Their work takes them out of the courtroom and into the world, as in “Tayo Tayo,” a teleradyo show that attempts “to make these discussions more accessible and digestible, and to make the point that environmental concerns don’t exist in a vacuum,” says Guiao.

De Leon and Guiao observe that while climate change concepts are generally familiar to Filipinos, “there is still a lot of room to fill in terms of ‘how,’ ‘why,’ and ‘what now,’” says Guiao. Climate change in the Philippines, she adds, “is still often viewed from the perspective of disasters and disaster risk reduction and management, the worsening heat we all have to endure, erratic weather patterns” — in other words, from the perspective of mitigation.

“Climate change and how we must respond to it — especially in the Philippines — is much broader and more nuanced,” says Guiao, stressing the importance of adaptation. “Adaptation is about increasing our resilience, as well as reducing our vulnerability. Resilience doesn’t stop at being able to get up again after a crisis; it’s also about working on avoiding going through the same crisis a second or third time.”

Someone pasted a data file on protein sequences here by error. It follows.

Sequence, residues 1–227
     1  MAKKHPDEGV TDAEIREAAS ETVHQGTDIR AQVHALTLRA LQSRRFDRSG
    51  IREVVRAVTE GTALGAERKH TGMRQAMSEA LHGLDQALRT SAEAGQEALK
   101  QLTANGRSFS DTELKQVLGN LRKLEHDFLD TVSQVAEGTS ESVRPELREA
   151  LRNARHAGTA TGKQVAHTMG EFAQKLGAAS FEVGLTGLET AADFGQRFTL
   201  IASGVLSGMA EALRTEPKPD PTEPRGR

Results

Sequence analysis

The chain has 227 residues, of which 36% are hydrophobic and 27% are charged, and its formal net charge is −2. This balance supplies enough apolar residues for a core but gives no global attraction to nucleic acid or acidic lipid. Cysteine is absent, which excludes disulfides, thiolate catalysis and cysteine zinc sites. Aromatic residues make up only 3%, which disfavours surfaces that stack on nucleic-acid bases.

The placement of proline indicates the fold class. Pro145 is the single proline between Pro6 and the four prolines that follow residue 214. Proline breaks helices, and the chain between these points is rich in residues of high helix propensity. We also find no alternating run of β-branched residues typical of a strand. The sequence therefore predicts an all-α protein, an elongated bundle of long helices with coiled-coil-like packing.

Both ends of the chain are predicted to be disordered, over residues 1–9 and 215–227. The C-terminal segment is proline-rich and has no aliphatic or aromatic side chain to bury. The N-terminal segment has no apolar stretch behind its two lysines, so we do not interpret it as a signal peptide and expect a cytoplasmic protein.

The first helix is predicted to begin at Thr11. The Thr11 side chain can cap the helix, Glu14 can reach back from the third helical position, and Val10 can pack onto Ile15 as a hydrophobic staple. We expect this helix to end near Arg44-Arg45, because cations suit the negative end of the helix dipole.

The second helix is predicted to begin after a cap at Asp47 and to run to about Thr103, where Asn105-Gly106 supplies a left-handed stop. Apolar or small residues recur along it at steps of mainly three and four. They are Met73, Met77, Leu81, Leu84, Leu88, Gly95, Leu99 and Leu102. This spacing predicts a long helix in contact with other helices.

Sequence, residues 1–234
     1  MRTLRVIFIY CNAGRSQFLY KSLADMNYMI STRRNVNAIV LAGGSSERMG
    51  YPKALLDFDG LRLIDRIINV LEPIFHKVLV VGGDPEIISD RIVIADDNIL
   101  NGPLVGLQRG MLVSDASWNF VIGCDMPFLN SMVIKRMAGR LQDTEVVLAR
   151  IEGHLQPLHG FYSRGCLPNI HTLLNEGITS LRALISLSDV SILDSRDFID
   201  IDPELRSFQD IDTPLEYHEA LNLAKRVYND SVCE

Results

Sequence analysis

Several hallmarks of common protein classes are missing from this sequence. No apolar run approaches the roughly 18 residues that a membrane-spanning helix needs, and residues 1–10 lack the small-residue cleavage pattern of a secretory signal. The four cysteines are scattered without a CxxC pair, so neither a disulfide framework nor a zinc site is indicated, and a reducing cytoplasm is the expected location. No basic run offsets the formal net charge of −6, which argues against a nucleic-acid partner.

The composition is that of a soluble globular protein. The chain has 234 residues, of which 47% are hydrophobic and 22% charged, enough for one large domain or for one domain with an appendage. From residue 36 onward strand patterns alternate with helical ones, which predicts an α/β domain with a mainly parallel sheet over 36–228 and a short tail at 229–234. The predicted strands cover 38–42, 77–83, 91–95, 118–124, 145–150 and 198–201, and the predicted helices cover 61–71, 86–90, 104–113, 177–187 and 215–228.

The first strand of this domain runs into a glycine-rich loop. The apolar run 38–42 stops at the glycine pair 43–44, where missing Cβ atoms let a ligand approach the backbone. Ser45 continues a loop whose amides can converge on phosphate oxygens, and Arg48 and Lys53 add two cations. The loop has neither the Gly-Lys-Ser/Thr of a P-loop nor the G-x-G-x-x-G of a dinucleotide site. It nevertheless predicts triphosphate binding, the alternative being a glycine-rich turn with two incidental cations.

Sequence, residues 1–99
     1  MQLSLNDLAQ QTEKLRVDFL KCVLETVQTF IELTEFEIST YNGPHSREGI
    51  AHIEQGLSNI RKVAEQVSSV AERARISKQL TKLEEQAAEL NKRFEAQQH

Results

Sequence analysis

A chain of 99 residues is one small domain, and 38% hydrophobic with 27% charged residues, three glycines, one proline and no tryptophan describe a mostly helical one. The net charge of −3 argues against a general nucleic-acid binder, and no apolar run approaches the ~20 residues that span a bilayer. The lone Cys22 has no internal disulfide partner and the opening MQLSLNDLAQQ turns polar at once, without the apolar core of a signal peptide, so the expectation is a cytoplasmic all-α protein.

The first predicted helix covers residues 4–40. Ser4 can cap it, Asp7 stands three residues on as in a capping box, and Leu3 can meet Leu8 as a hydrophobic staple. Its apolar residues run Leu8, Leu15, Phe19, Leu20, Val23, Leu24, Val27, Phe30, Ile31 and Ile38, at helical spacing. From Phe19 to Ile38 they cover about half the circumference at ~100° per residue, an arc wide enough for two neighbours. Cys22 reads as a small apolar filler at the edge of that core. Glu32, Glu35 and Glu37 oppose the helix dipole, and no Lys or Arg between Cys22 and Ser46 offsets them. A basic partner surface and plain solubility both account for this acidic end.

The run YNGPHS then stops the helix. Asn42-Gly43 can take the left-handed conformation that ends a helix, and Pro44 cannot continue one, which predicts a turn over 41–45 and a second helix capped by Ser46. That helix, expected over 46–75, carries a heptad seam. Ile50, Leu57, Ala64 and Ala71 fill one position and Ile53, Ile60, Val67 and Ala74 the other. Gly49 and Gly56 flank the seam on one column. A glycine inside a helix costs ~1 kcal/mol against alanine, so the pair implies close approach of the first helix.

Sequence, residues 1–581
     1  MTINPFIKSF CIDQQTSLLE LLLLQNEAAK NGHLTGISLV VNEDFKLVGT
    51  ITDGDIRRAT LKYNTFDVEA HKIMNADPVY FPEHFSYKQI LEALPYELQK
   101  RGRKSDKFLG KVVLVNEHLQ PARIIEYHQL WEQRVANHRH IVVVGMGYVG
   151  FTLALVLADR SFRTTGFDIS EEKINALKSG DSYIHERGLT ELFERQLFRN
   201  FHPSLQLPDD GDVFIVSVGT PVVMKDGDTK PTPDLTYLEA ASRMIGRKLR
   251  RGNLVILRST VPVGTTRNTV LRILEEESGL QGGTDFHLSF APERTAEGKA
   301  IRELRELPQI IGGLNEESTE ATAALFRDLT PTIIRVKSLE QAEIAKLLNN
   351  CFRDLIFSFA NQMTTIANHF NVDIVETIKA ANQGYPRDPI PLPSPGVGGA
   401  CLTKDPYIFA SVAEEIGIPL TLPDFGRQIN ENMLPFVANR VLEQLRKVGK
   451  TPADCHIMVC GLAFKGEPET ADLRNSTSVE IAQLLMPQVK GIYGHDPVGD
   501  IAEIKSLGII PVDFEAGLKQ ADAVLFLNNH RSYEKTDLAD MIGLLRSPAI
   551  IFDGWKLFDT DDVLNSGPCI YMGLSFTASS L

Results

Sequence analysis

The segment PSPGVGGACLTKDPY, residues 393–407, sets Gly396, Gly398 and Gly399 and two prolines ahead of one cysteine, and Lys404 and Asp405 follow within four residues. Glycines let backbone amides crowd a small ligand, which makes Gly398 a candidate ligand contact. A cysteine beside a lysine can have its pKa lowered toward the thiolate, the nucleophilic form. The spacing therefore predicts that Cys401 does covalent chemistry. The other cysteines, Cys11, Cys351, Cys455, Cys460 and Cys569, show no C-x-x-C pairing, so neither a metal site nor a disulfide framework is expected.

Going beyond law and into policy and influence, De Leon and Guiao do not subscribe to any single solution, method, or system, even as ideas such as ending capitalism to fight climate change, among others, gain popularity. “We certainly understand the perspective linking climate change to capitalism, and that ending it, so to speak, would require an overhaul of the world’s economic, industrial, and even political, systems,” says Guiao. “The reality is, though, that we have very little time left to act.”

“We can’t afford to wait for the system to change before we act — we are changing the system as we act.”

Illustration by MARIA SARAH ORLINA

Carlo Africa, Lou Gepuela, Paulo Burro, Pauline Alejandro, Ruzzel Morales, Asia Wy, Nicole Ponce: lobbyists
I Am Climate Justice

In his book “Shooting Stars, Dancing Fish,” environmentalist lawyer Antonio Oposa, Jr. talks of the LAW of life: that of land, air, and water. The young group I Am Climate Justice — comprised of law students, lawyers, educators, and community coordinators — also refers to such LAW when talking about the dangers of the climate crisis.

“Our aim is to show the world that young people are fighting for their right to live in a future with a balanced ecology,” says one of its members Asia Wy. “Especially from the youth in the third world countries or global south, which stands to be most affected by climate change.”